Later that year he travelled with Picabia, Apollinaire and Gabrielle Buffet-Picabia through the Jura mountains. Buffet-Picabia described the journey as one of their "forays of demoralization, which were also forays of witticism and clownery ... the disintegration of the concept of art." Duchamp's notes from the trip avoid logic and sense with a sort of surrealistic mythical flavor.

Duchamp painted few canvases after 1912. In the paintings of the time he attempted to remove "painterly" effects, and instead used a technical drawing approach.

At an exhibition of aviation technology Duchamp said to his friend Constantin Brancusi, "Painting is washed up. Who will ever do anything better than that propellor? Tell me, can you do that?" Ironically, Brancusi later sculpted bird forms that U.S. Customs officials mistook for aviation parts and for which they attempted to collect import duties.

Duchamp began working as a librarian in the Bibliotèque Sainte-Geneviève where he earned a living wage and withdrew from painting circles into scholarly realms. He studied math and physics, areas where exciting new discoveries were taking place.

The theoretical writings of Henri Poincaré intrigued and inspired Duchamp. Poincaré postulated that the laws believed to govern matter were created solely by the minds that "understood" them and no theory could be considered "true." "The things themselves are not what science can reach..., but only the relations between things. Outside of these relations there is no knowable reality," Poincaré wrote in 1902.

Duchamp's own art-science experiments began during his tenure at the library. To make one of his favorite pieces, 3 Standard Stoppages (3 stoppages étalon), one at a time from a height of 1 meter, he dropped three 1-meter lengths of thread onto a prepared canvases. They landed in three random undulating positions. He varnished them into place on the blue-black canvas strips and attached them to glass. Then he cut three wood slats into the shapes of the curved strings, and put all the pieces into a croquet box. Three small leather signs with the title printed in gold were glued to each of the "stoppage" backgrounds. The piece appears to literally follow Poincaré's School of the Thread, part of a book on classical mechanics.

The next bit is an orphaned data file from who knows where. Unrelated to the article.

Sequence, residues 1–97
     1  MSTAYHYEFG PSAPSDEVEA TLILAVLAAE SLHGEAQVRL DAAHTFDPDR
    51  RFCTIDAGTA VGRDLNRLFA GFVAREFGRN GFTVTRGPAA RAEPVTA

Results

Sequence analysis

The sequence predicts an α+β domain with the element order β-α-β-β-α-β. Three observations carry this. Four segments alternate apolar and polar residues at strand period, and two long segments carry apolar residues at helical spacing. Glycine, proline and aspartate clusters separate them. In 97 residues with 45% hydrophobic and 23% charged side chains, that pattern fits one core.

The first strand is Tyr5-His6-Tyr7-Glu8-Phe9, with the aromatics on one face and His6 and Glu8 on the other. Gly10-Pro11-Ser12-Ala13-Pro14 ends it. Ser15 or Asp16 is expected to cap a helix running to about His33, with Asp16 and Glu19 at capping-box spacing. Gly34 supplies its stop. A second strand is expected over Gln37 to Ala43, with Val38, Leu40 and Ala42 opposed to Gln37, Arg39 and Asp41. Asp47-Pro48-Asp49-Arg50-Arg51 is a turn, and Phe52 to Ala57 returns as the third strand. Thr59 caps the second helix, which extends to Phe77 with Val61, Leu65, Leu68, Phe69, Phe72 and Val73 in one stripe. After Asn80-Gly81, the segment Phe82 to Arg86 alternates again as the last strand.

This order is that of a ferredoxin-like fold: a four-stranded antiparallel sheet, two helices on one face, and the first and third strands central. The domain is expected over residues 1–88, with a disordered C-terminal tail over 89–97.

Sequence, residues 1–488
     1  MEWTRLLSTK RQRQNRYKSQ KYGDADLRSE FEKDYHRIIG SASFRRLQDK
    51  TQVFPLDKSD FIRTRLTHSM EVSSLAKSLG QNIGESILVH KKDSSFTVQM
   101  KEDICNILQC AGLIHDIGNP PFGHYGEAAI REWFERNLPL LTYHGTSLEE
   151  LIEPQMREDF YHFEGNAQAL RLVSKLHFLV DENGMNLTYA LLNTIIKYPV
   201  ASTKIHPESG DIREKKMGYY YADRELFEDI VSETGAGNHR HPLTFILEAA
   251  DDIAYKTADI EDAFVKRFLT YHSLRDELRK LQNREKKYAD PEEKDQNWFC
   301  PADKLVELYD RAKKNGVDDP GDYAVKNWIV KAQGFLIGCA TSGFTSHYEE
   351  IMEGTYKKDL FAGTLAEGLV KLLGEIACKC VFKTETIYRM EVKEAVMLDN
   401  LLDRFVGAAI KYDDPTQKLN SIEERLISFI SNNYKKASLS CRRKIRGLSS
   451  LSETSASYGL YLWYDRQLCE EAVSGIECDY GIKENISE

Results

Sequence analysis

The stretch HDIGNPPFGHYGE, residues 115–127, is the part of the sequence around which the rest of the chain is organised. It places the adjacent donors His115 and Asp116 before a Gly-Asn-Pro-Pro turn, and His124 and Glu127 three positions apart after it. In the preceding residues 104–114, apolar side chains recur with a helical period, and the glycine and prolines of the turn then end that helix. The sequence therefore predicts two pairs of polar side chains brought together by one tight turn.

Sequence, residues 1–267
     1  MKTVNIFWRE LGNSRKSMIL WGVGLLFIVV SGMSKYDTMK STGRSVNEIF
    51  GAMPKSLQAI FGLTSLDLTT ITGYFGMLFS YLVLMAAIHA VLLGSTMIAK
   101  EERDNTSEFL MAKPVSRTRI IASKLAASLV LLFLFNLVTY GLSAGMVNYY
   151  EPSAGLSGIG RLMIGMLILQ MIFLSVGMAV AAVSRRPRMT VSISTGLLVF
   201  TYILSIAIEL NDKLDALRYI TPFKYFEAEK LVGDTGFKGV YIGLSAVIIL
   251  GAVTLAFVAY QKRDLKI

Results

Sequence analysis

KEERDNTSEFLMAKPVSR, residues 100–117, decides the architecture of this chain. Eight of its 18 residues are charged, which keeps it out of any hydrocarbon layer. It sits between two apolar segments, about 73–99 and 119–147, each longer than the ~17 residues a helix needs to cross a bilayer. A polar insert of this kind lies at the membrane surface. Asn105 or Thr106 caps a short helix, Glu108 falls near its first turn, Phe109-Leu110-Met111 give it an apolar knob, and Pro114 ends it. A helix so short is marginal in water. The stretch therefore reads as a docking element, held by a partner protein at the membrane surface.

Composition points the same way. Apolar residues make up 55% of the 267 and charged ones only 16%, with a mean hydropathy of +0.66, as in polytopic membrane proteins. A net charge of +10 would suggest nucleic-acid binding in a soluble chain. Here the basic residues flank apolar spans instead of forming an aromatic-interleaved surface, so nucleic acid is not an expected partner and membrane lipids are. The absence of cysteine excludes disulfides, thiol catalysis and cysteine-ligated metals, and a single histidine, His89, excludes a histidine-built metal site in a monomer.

In 1913 Duchamp began inventing a repertoire of forms for The Large Glass with notes, sketches and painted studies. He also drew some of his ideas on the wall of his new apartment.

In his studio he mounted a bicycle wheel upside down onto a stool, spinning it occasionally just to watch it. Later he denied that its creation was purposeful. "I enjoyed looking at it, just as I enjoy looking at the flames dancing in the fireplace," he said.

Meanwhile, Nude Descending a Staircase No. 2 was scandalizing Americans at the Armory Show, and the sale of all four of his paintings in the show financed his trip to America in 1915.

After World War I was declared in 1914, with his brothers and many friends in military service - and himself exempted - Paris felt uncomfortable to Duchamp and he decided to emigrate to the then neutral United States.

When he arrived in America in 1915, to his surprise he found he was a celebrity. He befriended art patron Katherine Dreier and artist Man Ray. Duchamp's circle also included art patrons Louise and Walter Arensberg, actress and artist Beatrice Wood and his friend Francis Picabia, as well as other avant-garde figures. He spoke little English, but in the course of supporting himself by giving French lessons and some library work, he quickly learned the language.